Museum of London Unveils Huge Collection of Buttons
The Museum of London today unveiled one of the largest collections of medieval and early modern buttons found in the UK.
Over two and a half thousand buttons of all shapes and sizes ranging in date from the late 14th to the late 19th century have been generously given to the museum by Tony Pilson. Pilson has dedicated 30 years to finding, accumulating and storing the buttons, all of which come from the banks of the Thames.
Pilson’s collection includes examples of buttons made of silver, pewter and semi-precious stones.
He brought the objects to the Museum of London in a large suitcase and an assortment of other bags. He explained to the CBA that he often finds them well-preserved in the foreshore mud.
They often come out fairly clean he said.
Pilson was a founder member of the Society of Mudlarks, an organisation which still operates today, searching the foreshore under license from the Port of London Authority. He said,
I hope that [my donation] encourages other Mudlarks and metal detectorists to generously donate their finds to institutions such as this. The main aim is to preserve, protect and learn about London’s vital and colourful history.
Given that Pilson’s collection is a microcosm of 500 years of London’s social history it’s remarkable that these objects aren’t more popular among collectors.
I collected all the things that people weren’t interested in he said. However, some of the artefacts are very special indeed, such as livery buttons bearing family or corporation crests and buttons with makers’ names, initials and sometimes even addresses.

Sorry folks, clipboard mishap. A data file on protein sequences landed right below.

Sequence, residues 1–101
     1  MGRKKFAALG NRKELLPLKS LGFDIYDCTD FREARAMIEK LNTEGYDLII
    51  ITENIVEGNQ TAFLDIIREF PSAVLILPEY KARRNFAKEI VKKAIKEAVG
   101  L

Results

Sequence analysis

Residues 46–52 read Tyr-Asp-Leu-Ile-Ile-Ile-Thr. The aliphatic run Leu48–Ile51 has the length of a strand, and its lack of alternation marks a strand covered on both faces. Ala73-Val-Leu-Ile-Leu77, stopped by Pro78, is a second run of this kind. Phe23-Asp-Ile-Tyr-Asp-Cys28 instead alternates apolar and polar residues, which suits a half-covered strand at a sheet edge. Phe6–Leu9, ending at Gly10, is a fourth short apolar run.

Hazel Forsyth, Senior Curator of the Post-Medieval Collections said,
We’ve started to record each piece and longer term, we hope to produce an online resource with a small exhibition. The proposed online resource, the first of its kind in the world, would allow scholars and the general public to explore this vast collection of buttons, essentially creating a searchable online typology.
Forsyth said that the buttons were most likely to have ended up in the Thames as people who were getting on and off wherrys, or walking beside the river, would snag their clothing and the items would fall into the river, only to be unearthed by Mudlarks like Pilson hundreds of years later.
The Museum of London has a special series of events running through the Festival of British Archaeology entitled Thames Treasures: London’s river revealed. Events are being run every day from 28 July to 2nd August.
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